FAO.org

Home > Conservation Agriculture > Case studies > Malawi and Zambia
Conservation Agriculture

Malawi and Zambia

Where trees and shrubs cost less than fertilizer

Leguminous trees and shrubs grown with maize provide high-quality, nitrogen-rich residues that improve soil fertility, boost yields and provide new sources of income

One of the main obstacles farmers face in increasing maize production is low soil fertility. Many maize farmers can neither afford mineral fertilizer nor obtain sufficient amounts of organic fertilizer, such as animal manure. Decades of intensive cultivation without fertilization have drained nutrients, particularly nitrogen, from the soil.

To address the problem, the Zambia National Farmers’ Union has explored
ways of integrating nitrogen-fixing trees into maize production systems. The most promising candidate was found to be Faidherbia albida, an African acacia species, which has an unusual growth habit. The tree is dormant in the early rainy season and loses its leaves just as field crops are being established; the leaves only grow back at the end of the wet season. Maize can be grown directly under the leafless Faidherbia canopy, as the trees do not compete with the crop for light, nutrients or water while the maize is growing.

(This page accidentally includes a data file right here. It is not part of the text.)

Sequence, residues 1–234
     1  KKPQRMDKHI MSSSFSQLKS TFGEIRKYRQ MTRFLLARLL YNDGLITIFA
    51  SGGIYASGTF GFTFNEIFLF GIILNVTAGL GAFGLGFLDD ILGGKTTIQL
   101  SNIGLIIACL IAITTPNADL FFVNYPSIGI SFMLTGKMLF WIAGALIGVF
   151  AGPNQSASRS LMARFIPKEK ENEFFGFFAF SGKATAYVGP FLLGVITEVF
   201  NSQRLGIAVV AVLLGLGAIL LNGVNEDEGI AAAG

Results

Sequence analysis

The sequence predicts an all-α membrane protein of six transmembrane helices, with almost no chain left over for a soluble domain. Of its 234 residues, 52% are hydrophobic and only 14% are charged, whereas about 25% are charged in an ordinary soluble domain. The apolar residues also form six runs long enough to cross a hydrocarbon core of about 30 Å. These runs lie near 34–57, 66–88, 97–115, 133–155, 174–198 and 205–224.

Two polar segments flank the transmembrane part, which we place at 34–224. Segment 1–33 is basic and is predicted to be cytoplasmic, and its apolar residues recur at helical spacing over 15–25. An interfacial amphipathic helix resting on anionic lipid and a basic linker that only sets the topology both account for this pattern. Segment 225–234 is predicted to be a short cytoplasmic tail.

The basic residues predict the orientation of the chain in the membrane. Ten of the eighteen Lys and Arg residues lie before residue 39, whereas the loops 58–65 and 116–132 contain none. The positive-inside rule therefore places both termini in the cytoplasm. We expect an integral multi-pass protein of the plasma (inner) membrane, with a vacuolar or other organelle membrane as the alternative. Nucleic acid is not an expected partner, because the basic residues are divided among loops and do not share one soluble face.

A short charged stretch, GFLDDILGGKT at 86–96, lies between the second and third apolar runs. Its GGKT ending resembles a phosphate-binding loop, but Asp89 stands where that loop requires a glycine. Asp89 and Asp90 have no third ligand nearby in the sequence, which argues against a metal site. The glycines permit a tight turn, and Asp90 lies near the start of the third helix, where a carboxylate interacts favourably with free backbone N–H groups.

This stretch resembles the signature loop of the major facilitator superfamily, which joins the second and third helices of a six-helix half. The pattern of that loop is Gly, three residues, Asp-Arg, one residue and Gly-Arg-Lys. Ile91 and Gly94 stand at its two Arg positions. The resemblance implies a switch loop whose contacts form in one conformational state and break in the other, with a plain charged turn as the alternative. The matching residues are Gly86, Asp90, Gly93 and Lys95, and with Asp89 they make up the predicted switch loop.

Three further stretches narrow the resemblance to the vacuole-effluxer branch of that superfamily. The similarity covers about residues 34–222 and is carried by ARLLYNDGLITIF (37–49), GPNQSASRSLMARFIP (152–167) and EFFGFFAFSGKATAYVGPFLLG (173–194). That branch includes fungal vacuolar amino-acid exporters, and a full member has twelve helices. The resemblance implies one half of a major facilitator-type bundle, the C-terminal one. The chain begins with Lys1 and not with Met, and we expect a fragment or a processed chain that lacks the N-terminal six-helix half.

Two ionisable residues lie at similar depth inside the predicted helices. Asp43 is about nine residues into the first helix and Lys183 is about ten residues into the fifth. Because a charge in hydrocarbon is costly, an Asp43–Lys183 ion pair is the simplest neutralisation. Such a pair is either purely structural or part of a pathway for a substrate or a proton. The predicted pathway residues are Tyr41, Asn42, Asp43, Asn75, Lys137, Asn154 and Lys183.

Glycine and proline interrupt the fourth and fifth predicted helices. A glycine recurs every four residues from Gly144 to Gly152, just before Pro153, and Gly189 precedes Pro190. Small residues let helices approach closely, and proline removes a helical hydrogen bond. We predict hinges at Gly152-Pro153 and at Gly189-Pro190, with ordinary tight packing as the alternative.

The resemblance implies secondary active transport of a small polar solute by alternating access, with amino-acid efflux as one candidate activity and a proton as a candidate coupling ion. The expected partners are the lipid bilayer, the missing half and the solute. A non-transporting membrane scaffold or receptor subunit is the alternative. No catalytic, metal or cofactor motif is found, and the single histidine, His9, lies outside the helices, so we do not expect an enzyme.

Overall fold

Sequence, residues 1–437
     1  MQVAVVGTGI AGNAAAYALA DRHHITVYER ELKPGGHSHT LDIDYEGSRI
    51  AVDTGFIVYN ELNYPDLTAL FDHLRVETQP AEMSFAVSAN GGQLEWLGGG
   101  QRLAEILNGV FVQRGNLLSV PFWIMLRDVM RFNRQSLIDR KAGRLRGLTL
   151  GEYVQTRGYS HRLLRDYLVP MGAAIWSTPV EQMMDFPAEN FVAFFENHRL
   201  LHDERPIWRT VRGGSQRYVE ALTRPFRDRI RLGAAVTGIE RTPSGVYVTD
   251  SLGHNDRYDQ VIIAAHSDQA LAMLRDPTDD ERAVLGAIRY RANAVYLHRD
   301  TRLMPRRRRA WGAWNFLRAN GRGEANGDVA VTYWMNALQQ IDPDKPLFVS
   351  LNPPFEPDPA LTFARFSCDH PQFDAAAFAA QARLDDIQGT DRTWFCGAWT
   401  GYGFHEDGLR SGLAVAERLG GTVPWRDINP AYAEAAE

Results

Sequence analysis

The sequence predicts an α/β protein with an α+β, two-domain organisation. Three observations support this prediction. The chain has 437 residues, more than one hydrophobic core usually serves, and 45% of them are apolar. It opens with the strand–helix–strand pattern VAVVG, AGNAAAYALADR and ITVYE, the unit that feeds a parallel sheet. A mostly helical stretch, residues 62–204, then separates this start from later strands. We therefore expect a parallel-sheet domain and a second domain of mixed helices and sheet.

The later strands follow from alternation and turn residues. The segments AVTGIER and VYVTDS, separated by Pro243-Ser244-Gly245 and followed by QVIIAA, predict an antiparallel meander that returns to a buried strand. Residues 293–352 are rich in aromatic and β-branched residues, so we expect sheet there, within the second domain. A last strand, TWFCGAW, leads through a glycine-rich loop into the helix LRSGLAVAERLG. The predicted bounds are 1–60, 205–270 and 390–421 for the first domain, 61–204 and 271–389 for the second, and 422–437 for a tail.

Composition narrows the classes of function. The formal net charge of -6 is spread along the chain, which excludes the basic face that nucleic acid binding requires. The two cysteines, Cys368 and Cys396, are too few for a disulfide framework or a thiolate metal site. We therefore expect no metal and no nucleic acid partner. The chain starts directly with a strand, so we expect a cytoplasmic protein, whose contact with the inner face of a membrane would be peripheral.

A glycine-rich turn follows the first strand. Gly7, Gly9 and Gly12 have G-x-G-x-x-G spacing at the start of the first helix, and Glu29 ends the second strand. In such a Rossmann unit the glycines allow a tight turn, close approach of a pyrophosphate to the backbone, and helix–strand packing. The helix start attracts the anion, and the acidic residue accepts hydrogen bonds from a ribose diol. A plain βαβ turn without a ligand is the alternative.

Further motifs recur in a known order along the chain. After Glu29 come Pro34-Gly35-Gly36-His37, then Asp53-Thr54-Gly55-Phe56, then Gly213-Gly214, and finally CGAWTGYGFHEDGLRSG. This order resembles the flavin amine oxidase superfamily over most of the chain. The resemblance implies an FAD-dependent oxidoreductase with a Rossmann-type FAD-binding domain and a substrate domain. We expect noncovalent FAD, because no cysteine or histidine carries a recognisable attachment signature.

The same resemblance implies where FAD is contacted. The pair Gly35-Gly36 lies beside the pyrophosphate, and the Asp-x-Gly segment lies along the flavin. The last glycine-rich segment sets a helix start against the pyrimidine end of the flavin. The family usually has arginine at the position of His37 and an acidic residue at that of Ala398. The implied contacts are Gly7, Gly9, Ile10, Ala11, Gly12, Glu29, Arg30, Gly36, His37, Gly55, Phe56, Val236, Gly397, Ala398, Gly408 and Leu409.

Thanks to the decaying leaves, the soil under the trees contains up to twice as much organic matter and nitrogen as soil outside the canopy. There is also a marked increase in soil microbiological activity, and an increase in water holding capacity.

Numerous studies have noted increases in yields when maize is grown in association with Faidherbia, and those increases tend to be higher where soil fertility is low. In Zambia, maize planted outside the tree canopy produced average yields of 1.9 tonnes per ha, compared to 4.7 tonnes when the crop was grown under the canopy; in Malawi, maize yields increased by 100 to 400 percent when the crop was grown with Faidherbia.

Both countries promote Faidherbia as part of conservation agriculture systems that offer smallholder farmers a means of increasing maize productivity and earning higher incomes from sales.

Source: FAO. 2016. Save and Grow: Maize, rice, wheat. Rome.